I try to remember to keep looking up as I hike along trails. If you keep your eyes constantly moving, there is much more you will notice. When my attention gets snagged, I try to remember that if I’m noticing something, it’s a good idea to evaluate if there is a photo there.
There aren’t a lot of days when it is bright and sunny in the Olympic National Park … often the clouds are low and drip on a regular basis. This is true even in mid-summer when the lowlands are hot and dry. It is therefore always a pleasure to chance upon clear sunny weather and be hiking into sunlit openings.
Typically, I convert an image into black and white using one of Lightroom’s presets or B&W profiles as a starting place. In this case, I used the local adjustment tool and desaturated the whole image, then switched to erase mode and removed the desaturation from the foliage on the riverbank. The desaturation technique is pretty much a blunt instrument approach: it doesn’t provide the fine tonal adjustments that are available using other techniques. However, this image didn’t require a lot of fine adjustment.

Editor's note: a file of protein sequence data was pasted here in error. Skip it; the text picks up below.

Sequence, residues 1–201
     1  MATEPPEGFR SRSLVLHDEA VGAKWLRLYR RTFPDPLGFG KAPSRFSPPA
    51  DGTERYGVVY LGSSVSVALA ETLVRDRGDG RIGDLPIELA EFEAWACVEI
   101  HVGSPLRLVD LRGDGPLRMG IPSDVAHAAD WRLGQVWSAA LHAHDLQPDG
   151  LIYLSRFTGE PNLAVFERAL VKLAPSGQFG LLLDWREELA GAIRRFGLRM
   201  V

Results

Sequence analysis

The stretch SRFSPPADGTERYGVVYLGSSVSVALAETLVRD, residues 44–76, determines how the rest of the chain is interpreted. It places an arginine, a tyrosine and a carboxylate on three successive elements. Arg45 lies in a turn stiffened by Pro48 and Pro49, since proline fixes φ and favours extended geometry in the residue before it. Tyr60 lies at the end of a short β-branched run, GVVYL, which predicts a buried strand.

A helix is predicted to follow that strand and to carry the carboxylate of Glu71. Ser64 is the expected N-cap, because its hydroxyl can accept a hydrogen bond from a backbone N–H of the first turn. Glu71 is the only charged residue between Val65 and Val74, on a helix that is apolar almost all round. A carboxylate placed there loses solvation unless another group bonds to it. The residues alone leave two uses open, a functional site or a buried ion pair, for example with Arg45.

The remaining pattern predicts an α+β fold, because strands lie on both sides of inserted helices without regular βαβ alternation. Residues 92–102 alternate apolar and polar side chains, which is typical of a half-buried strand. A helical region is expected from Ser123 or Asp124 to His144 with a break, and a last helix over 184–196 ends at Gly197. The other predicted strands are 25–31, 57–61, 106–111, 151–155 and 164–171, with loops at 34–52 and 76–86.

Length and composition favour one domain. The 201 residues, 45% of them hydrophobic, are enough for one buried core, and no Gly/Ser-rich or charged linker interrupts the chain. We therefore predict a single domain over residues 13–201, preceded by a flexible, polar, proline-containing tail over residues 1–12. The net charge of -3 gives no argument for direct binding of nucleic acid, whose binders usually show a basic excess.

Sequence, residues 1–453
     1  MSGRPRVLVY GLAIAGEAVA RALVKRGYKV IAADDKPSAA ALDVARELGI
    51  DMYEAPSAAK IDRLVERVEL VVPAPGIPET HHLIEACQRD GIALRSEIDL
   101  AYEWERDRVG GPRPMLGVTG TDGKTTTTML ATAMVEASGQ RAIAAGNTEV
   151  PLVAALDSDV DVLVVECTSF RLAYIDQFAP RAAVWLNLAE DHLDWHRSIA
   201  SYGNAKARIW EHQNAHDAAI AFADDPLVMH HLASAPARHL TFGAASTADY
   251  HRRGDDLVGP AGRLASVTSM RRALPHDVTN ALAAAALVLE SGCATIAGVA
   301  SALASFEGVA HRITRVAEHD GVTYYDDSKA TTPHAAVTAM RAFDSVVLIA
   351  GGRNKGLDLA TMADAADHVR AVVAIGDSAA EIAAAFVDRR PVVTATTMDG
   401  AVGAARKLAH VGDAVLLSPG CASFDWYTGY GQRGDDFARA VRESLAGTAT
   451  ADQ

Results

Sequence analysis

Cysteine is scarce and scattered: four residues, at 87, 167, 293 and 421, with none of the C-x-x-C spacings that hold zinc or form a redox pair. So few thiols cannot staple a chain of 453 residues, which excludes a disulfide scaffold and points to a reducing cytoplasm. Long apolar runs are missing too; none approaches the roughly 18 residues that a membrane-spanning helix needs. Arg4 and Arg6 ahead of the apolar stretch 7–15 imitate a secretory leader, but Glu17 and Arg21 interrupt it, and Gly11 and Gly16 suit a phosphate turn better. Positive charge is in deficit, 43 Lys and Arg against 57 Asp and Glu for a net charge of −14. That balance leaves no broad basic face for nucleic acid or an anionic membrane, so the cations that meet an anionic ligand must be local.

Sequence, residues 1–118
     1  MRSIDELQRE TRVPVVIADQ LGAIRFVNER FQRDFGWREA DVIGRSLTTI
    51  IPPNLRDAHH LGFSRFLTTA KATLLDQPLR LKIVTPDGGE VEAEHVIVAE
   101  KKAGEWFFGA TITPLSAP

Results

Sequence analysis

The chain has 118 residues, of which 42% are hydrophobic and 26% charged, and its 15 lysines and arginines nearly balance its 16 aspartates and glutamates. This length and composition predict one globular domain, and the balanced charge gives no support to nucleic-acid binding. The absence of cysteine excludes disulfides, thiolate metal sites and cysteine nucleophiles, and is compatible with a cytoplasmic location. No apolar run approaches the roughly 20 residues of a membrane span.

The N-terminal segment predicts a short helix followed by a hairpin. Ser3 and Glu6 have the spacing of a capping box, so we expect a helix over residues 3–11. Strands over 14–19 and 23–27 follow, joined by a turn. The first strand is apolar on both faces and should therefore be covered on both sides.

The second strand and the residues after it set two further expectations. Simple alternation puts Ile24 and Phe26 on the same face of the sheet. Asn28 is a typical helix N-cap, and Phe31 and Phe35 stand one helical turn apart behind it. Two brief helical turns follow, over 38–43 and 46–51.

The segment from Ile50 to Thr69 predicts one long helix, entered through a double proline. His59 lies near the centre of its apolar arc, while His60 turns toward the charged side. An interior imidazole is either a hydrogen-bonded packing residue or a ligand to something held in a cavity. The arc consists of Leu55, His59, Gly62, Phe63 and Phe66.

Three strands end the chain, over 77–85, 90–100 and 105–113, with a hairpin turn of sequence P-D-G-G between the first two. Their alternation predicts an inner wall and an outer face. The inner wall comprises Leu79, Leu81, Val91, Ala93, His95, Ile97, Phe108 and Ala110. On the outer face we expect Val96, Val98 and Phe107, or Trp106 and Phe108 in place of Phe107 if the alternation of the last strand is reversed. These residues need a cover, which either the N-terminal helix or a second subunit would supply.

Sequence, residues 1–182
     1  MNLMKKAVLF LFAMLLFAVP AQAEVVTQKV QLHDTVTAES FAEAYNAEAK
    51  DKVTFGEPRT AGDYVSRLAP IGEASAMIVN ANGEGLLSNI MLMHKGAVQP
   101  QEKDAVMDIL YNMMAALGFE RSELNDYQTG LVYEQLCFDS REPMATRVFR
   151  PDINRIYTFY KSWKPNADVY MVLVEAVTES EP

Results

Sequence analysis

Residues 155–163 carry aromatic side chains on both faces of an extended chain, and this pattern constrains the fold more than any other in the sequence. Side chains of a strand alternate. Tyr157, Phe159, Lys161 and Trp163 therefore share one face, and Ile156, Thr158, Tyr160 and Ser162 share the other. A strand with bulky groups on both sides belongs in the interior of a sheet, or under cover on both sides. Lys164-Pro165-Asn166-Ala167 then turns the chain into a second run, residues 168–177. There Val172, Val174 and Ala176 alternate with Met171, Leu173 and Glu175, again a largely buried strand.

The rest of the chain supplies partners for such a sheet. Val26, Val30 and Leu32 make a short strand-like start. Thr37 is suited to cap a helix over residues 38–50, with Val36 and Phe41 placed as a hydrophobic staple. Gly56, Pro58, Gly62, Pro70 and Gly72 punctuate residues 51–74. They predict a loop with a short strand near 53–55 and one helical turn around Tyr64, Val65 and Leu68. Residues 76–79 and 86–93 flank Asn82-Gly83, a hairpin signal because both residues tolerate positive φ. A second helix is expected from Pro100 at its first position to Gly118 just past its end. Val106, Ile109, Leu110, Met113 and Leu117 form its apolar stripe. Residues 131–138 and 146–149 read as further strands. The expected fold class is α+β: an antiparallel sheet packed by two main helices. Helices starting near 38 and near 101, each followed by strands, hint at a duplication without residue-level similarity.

This the the Dosewallips River at the point where the road was washed out several years ago. There is a trail bypassing the washout that runs above through the woods… however, when the river is low the trail along the bank is quicker and doesn’t involve climbing up a hundred feet or so.
There is a huge backlog of trail maintenance in most of our National Parks from years and years of underfunding. Another national shame.
The trail here is still easy to follow and just down valley from us was a volunteer team from the Washington Trails Association cutting back the brush from the trail. (While observing all social distancing requirements)
Sorry, the title came to me and I couldn’t resist. The last days of a hike, it is always interesting to put on the pack first thing in the morning. The pack typically doesn’t weigh as much as it has on other days (as a result of consuming over a pound of food a day), unless you have been collecting rocks … or unless it has been raining and your gear is wet. Of course, it can be bittersweet, too: sadness at leaving the wild and looking forward to a cold beer and a burger.